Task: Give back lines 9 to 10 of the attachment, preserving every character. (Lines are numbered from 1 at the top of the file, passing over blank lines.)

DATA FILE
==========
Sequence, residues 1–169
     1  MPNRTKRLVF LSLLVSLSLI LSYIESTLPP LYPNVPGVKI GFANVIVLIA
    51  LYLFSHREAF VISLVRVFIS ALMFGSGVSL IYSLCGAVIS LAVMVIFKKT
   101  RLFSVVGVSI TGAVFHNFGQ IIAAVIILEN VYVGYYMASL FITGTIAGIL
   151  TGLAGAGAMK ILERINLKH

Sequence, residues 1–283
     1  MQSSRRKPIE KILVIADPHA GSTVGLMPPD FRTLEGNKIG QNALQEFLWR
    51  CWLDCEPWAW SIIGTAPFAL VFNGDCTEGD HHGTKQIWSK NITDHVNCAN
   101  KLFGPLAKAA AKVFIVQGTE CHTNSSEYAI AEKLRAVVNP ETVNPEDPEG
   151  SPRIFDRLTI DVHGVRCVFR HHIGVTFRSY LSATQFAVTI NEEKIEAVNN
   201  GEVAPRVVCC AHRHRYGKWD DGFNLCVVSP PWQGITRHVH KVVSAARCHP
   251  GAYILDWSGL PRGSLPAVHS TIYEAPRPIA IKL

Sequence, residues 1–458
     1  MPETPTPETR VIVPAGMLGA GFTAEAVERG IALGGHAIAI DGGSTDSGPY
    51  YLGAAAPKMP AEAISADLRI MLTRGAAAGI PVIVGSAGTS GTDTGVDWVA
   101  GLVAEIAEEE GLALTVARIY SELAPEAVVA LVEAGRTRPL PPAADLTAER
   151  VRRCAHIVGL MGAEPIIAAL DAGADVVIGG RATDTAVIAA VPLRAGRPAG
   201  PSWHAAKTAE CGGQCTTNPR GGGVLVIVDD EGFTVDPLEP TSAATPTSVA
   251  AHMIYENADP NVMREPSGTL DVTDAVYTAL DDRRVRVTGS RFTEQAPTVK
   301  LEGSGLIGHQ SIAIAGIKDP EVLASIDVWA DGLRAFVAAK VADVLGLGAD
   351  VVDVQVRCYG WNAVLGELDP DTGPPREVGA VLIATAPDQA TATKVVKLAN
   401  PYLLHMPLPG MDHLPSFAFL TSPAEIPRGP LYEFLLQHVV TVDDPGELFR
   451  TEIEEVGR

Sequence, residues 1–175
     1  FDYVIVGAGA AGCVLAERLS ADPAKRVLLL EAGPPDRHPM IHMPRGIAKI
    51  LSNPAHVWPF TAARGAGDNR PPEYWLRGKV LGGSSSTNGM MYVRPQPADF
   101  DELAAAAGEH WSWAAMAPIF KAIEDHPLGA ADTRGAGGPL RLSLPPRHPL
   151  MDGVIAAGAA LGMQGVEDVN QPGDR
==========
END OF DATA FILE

   101  KLFGPLAKAA AKVFIVQGTE CHTNSSEYAI AEKLRAVVNP ETVNPEDPEG
   151  SPRIFDRLTI DVHGVRCVFR HHIGVTFRSY LSATQFAVTI NEEKIEAVNN